Legendary Dalston café Arthur’s never shut during the Blitz bombing
PUBLISHED: 17:39 17 July 2016 | UPDATED: 17:39 17 July 2016
Café owner Arthur Woodham tells Emma Bartholomew how his business survived the Blitz, rationing and gentrification – and how, aged 89, he still serves customers every day.
Arthur Woodham is adamant that his eponymous café Arthur’s has barely changed since the family business opened 81 years ago – even though four generations of East End families have been through its doors in that time.
His father, the original Arthur, bought his first café in Kingsland Road, near the Geffrye Museum, off a friend in 1935. Three years later, when Arthur Jnr left school at 14 – the legal age in those days – he joined his dad in the shop, following the tradition of eldest sons taking over family businesses.
Arthur, who will be 90 on Christmas Day, still serves customers and prepares food every single day, and says it is “his life”.
The Gazette caught up with him on a Wednesday afternoon, once the café had emptied after the lunch hour rush – but he was still on call to make sure the ham was not boiling over on the hob.
His 86-year-old wife Eileen cooks the food up fresh, and the weekly menu consists of steak on Monday, stew on Tuesday, shepherd’s pie on Wednesday, liver and bacon on Thursday and chicken on Friday.
Arthur remembers how “cafs” before the war were “old fashioned coffee shops”, with tea and cake and dripping. But once war broke out and food was rationed, they started doing “proper dinners”.
“Mostly it was snacks like egg and chips or ham, egg and chips like we do today,” he said.
The café never shut throughout the Blitz, because “if you shut, your living is going to go”.
They were “blasted out” twice by two bombs, however – one in Nuttall Street that “killed a lot of people”, and another that landed on the bomb shelter at the Geffrye Museum where Arthur claims you can still see two brown lines on the grass.
“Sometimes people would be having dinner, and they would say, ‘There’s the doodle bug,’ and everyone would duck under the table because you didn’t know where it was going to drop.
“As soon as the noise stopped, you knew it was going to drop somewhere.
“People’s spirits were alright. When the all-clear went it all went back to normal. We just carried on again.”
Just as the food that individuals could buy was rationed, so were the shops.
“We were allowed about 30 shillings a week meat. My dad did spam and chips and all that,” he recalls.
“People got together more in those days.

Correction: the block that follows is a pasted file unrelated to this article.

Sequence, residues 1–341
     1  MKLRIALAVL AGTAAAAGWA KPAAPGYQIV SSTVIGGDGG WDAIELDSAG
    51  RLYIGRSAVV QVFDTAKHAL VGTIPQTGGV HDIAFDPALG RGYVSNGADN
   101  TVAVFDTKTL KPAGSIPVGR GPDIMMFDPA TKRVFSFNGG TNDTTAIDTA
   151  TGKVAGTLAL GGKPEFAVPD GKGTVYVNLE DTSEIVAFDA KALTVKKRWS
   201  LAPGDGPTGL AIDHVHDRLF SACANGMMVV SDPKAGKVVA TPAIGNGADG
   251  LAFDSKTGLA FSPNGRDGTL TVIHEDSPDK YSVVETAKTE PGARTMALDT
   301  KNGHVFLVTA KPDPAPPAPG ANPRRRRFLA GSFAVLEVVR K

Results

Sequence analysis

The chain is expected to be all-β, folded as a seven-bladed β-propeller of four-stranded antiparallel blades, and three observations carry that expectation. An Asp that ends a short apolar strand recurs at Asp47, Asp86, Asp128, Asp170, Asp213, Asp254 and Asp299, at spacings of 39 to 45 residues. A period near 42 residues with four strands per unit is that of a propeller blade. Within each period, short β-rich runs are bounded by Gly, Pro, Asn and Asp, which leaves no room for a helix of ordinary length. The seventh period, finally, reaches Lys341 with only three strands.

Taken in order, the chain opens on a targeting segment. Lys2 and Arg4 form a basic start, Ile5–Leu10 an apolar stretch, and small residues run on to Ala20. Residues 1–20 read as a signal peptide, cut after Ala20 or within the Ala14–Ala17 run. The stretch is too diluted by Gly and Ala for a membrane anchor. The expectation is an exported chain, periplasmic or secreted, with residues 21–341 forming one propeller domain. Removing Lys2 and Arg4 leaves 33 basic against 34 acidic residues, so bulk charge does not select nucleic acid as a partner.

“You would go down the air raid shelter and there were different families but they spoke to each other and all that. It seemed to get the people closer.”
Arthur remembers how before the Second World War his father used to make his own sarsaparilla drink and strawberry and vanilla ice cream out of eggs and milk, which a machine would dispense between wafers.
“They used to call it a mixed wafer. It was good because it had to be good, didn’t it – you made it yourself.
“After the war there were a lot of these people making ice cream, and a couple of children got ill and the sanitary people got quite strict. Let’s say it was so strict you couldn’t make it any more for hygienic purposes.
“After the war you had to have special licences to make it, and a lot of the shops couldn’t do it so they had to bring in Wall’s.”
Arthur opened up his own branch further up Kingsland Road 60 years ago, close by Dalston Junction.
“It’s the same, but we used to have marble-topped tables then, and this is granite,” he said.
“Cafes don’t alter much. Not my shop, anyway. I’ve had customers for 40 or 50 years. Don’t forget we’ve been in the road a long time.”
One of his longest standing customers is Terry Dunfred, the father-in-law of Linda Robson from Birds of a Feather, who also dines there.
“I’ve been serving near enough four generations of his family,” said Arthur. “You meet different people all the time.
“All the people know it around here. It’s been in the road so long. It’s like a meeting place.
“It’s still the same, the East End community. The property has gone really expensive around here, but it hasn’t affected me.”
Arthur admits he sometimes gets tired but generally he “feels alright”.
“You’ve got to like what you are doing and if you like doing it you make it a success,” he said. “It’s my life, to keep up the tradition.
“If I didn’t want to do it, I wouldn’t be working until I’m 90.”